A child in the UK is recovering after an incident involving a water bottle landed her in the hospital. Angel Watkins, 5, was taking a sip from a drink her mom made when her tongue became stuck in the water bottle. What followed was a traumatic experience that neither mother nor daughter is likely to forget.
Watkins’ mother, 23-year-old Kirsty Williams, had bought the brand new water bottle for her daughter as a reward for earning a Star of the Week award in her homeschool class.
“This was just a normal water bottle,” Williams told press. “It had a normal drinking hole. It’s not something you’d think would happen.”
At first, William’s gift was a hit with Watkins.
“She loved the bottle because she got to decorate it,” the mom said. “Since she’d got it, she’d been drinking out of it all the time.”
However, trouble arose on the morning of Saturday, February 13, as Williams, a personal trainer, was teaching a Zoom session.
“I made her a drink and she’d gone to watch TV while I was teaching my class,” Williams said. Minutes later, Watkins came to her mother with her tongue stuck firmly into the bottle’s drinking hole.
“At first I was like, ‘It’s alright, stop being silly. Take your tongue out,” said Williams. “Then I realized it wasn’t coming out.”
After attempts to separate Watkins’ tongue from the bottle failed, the desperate mom called emergency services, who told her to bring her daughter to the hospital immediately.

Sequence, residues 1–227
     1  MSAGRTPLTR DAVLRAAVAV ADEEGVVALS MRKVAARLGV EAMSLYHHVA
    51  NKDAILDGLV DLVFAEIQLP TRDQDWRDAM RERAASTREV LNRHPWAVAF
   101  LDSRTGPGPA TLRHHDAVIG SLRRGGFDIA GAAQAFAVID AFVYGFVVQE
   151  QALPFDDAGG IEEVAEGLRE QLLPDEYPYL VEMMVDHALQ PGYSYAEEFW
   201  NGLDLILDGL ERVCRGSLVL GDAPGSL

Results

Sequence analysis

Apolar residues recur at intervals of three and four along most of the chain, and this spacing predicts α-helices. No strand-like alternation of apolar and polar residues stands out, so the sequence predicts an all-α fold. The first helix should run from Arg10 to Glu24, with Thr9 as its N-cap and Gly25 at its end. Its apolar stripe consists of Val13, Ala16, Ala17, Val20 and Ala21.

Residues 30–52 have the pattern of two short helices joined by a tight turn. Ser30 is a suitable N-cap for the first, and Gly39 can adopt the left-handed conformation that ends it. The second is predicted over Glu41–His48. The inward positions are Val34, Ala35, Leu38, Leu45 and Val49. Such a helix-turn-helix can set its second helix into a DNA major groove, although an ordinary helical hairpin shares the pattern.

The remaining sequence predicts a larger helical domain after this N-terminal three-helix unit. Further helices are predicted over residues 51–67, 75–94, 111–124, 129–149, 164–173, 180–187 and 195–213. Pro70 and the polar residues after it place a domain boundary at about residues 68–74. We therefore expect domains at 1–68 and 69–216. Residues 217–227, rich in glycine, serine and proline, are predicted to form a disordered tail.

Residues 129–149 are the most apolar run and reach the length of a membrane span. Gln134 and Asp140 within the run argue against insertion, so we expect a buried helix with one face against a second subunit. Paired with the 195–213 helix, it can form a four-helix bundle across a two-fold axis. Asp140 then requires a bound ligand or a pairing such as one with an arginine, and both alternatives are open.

“At [the hospital], she wouldn’t let anyone touch her,” the mother recalled. “She was so scared, bless her.”
Medical workers attempted to bring down the swelling of Watkins’ tongue with ice, but to no avail. “It was getting blue on the ends,” Williams said.
Out of options, doctors decided to send Watkins to a team of nose and throat specialists at a different hospital. However, that team came upon challenges of their own in trying to remove the plastic lid.
“They were going to try and numb it and slide it off, if they could bring the swelling down, but Angel was so distressed and panicking,” said Williams.
Ultimately, doctors decided to put Watkins to sleep before taking her into surgery, where a bone surgeon spent 15 minutes carefully sawing the lid off the child’s tongue.
“Luckily it went really smoothly,” Williams said. “They kept her overnight to keep an eye on her and make sure her tongue didn’t swell up again.”
Doctors released the Watkins from the hospital the following day. However, her ordeal left her unable to eat anything but ice cream and jelly for the next two days.
“Her tongue has gone down now,” Williams has since reported. “She had a bit of a lisp for a few days because her tongues was still quite swollen, but it’s gone back to normal now.”
While Watkins ultimately recovered from her experience, Williams still contacted Purple Ladybug, the bottle’s manufacturer, to alert them to the potential danger.
“The company have been really good. They’re looking into making the product safer and said they have children themselves so they are very concerned,” she said. “They gave me a refund straight away and offered to send out little craft things.”
A company spokesperson has since acknowledged Watkins’ situation while assuring it would re-evaluate its products.
“We have temporarily halted sales of our water bottles while we investigate what happened,” the spokesperson said. “We are committed to ensuring they are as safe as possible for children.”